Members Directory

The Members Directory is a new service where you will be able to find AHFAP members that offer commercial imaging services to the cultural heritage industry in the UK.

The directory and its contents are offered in good faith. Reasonable efforts have been made to ensure the accuracy of the information and AHFAP does not accept responsibility for any errors or omissions in the details listed. Classified entries of members’ services does not imply any form of recognition, recommendation or guarantee of the member or the products and services provided. Readers are advised to check any information offered in the directory to their own satisfaction before relying upon it.

The directory is listed in alphabetical order.

To be listed in the directory please send an email to, listing costs £15 per membership year. Details should include the following: company or trading name, contact name and telephone, address and web address and skills, in no more than 300 characters including spaces.

Trading NameContact NameTelephoneAddressWeb/email AddressSkills and Expertise
Antonia Reeve PhotographyAntonia Reeve+44(0)7808 474 926
+44(0)131 346 0469
4/1 Grosvenor Gardens
Edinburgh EH12 5JU
I have many years experience in photographing for Galleries, Museums, Conservators, Artists , Craftsmen and private owners.

This includes Artwork Photography, Installation & Architectural Photography, Press and PR, and Digital Archiving.
Claire Collins PhotographyClaire Collins07961 108831Peckham, South East
With over 15 year’s experience in Photography I specialise in the Cultural and Heritage sector, as well as fine art and antiques. I have been trained and have extensive experience in handling and photographing all manner of objects of all shapes, sizes and materials, including rare books and fragile works on paper and I have a full understanding of museum practices. I offer a friendly and professional service, producing high quality, fully colour managed imagery both for record purposes and/or creative images for publication.
Colin White Photography and Digital ImagingColin White07530 330293204 Albyn Road, Deptford, London, SE8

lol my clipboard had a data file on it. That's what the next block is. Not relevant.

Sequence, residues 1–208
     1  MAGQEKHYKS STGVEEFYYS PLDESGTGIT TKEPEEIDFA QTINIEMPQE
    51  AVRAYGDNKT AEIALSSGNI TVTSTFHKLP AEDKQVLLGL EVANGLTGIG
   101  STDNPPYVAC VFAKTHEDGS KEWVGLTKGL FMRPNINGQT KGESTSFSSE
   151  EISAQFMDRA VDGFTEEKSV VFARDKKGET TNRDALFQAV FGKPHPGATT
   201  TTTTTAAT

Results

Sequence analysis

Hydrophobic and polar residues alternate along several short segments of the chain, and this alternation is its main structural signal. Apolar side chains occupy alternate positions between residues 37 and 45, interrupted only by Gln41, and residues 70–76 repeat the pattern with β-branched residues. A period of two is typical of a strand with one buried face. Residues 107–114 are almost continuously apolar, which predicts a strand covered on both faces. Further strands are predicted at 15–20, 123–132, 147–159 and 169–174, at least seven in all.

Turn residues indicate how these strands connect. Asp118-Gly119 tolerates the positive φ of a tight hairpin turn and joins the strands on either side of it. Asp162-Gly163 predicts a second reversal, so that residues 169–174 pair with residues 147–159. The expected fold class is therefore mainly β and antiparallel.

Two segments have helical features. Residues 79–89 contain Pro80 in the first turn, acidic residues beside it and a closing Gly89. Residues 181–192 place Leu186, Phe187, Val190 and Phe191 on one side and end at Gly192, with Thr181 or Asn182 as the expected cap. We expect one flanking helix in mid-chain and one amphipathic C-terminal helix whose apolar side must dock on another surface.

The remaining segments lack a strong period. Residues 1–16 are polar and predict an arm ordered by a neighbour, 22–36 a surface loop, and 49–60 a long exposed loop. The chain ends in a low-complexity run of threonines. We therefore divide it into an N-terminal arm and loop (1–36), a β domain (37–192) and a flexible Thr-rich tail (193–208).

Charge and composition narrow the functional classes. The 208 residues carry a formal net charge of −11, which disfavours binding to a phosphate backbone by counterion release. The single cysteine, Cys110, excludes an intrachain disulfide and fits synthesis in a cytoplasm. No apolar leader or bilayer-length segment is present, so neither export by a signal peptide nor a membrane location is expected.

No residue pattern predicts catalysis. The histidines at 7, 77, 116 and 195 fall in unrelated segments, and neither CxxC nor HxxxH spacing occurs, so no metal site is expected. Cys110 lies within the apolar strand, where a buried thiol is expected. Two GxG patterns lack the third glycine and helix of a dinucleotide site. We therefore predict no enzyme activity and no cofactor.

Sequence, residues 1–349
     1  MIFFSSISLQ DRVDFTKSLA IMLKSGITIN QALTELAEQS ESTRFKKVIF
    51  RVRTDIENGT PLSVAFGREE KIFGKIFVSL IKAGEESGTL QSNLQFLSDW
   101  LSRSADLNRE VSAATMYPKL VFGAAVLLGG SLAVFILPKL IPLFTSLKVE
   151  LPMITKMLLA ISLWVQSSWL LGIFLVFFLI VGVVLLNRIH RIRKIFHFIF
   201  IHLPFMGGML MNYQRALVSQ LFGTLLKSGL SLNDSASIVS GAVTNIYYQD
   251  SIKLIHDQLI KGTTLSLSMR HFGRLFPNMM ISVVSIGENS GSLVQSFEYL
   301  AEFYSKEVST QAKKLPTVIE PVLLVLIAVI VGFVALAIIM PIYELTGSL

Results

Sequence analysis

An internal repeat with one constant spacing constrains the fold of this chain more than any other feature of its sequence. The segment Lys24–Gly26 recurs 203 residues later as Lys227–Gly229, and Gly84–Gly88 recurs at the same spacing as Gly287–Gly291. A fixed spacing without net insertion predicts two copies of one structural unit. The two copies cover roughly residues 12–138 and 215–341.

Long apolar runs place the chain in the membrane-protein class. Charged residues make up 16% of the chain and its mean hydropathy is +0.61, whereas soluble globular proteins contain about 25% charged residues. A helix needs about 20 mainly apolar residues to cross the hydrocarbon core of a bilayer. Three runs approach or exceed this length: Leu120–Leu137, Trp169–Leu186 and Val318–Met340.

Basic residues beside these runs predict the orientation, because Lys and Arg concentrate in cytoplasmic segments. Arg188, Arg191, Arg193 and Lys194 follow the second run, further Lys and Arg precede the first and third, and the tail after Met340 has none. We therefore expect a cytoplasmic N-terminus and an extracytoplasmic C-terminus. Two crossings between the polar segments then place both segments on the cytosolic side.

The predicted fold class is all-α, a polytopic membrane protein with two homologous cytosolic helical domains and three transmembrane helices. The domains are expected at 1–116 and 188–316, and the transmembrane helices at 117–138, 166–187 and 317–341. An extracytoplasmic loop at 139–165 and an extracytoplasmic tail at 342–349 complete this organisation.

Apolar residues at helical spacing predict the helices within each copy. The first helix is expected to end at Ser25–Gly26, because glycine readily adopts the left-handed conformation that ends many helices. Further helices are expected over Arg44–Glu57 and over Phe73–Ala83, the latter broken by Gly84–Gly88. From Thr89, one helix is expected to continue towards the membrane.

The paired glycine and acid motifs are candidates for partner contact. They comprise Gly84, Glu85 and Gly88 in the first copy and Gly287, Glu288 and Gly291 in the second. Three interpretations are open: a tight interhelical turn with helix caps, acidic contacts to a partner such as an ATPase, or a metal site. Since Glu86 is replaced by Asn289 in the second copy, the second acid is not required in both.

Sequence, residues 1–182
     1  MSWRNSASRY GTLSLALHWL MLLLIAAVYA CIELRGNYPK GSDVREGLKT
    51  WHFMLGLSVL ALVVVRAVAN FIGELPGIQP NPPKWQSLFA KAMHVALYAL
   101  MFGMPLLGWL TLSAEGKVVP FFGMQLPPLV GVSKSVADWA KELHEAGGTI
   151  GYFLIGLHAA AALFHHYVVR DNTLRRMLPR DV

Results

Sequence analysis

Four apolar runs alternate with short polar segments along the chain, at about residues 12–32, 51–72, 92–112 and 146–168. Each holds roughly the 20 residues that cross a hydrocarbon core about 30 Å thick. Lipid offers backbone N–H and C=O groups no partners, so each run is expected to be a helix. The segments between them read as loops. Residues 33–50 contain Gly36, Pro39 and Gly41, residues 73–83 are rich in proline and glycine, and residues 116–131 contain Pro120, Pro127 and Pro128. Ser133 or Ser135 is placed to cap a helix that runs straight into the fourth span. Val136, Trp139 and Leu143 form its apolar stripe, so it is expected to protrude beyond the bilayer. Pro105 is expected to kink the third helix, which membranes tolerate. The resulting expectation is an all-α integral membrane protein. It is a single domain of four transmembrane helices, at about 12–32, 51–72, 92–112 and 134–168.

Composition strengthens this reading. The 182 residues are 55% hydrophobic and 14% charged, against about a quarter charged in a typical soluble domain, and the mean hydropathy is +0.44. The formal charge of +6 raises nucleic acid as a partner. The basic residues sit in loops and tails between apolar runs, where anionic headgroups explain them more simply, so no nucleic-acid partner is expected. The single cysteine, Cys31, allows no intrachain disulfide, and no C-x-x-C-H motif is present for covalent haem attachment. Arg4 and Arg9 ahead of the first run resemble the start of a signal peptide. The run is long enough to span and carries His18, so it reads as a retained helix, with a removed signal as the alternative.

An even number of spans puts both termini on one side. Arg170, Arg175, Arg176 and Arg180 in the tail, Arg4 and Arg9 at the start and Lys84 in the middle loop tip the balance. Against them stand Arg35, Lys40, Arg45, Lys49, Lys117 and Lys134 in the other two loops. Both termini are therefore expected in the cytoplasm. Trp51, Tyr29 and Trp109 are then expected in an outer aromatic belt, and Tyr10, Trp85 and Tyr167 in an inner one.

With over 20 years experience of photography and digital imaging in the cultural heritage sector Colin White Photography and Digital Imaging offers UK wide solutions for creative/technical photography, photography workflow, colour management, image quality management and image asset management.
Cultural Heritage Digitisation LtdJames Stevenson, Ken Jackson07562 894001, 07967 650614Kensal Rise, London
CHD is formed by the partnership of two experienced cultural heritage photographers James Stevenson and Ken Jackson. Both have worked in UK National Museums and have a combined experience of 50 years in this field. This experience of photographing almost every type of cultural object means that CHD has great confidence in satisfying customer needs.
Dani TagenDani Tagen07983 833203Deptford Bridge,
Cultural and Heritage Photographer with over 15 years experience.

Consultant and Training for Museums, Galleries, Collectors, Publishers and Artists.

Main clients: the British Museum; Royal College of Music; V&A Museum; National Maritime Museum; The Puerto Rico Science, Technology and Research Trust; The Horniman Museum and Gardens; Maidstone Museum; Museum of London among others.
DigitisingArt.CoMax Browne07966 436973Highgate, London/ Painswick,
I have nearly 30 years experience as a freelance cameraman/photographer and am based in both London and the Cotswolds. An art history background has led me to specialise in photographing paintings and works on paper and video work includes shooting documentaries, infomercials and presentations for websites and TV.
GenusSimon Brown024 7625 4955Hammond Close, Nuneaton, Warwickshire, CV11
We offer a wide range of digitisation equipment and services. Specialising in the digital capture of rare, fragile and specialist material. Our free consultancy, 'white-glove' handling approach and state-of-the-art digitisation studio ensure we work to the highest possible standards.
Hugh Gilbert PhotographyHugh Gilbert07973 14272980 - 100 Gwynne Road, London, SW11
Presenter of Hot Shots, Photography MasterClass in Architecture, for Discovery Programme. Judge for the Association of Photography Awards. He has an ongoing project, photographing artists in their studios. Hugh specialises in 360 degree Virtual Reality imaging, and high resolution photography of Art Works for reproduction and publication
Kathleen Arundell PhotographyKathleen Arundell07943 965651Lewisham,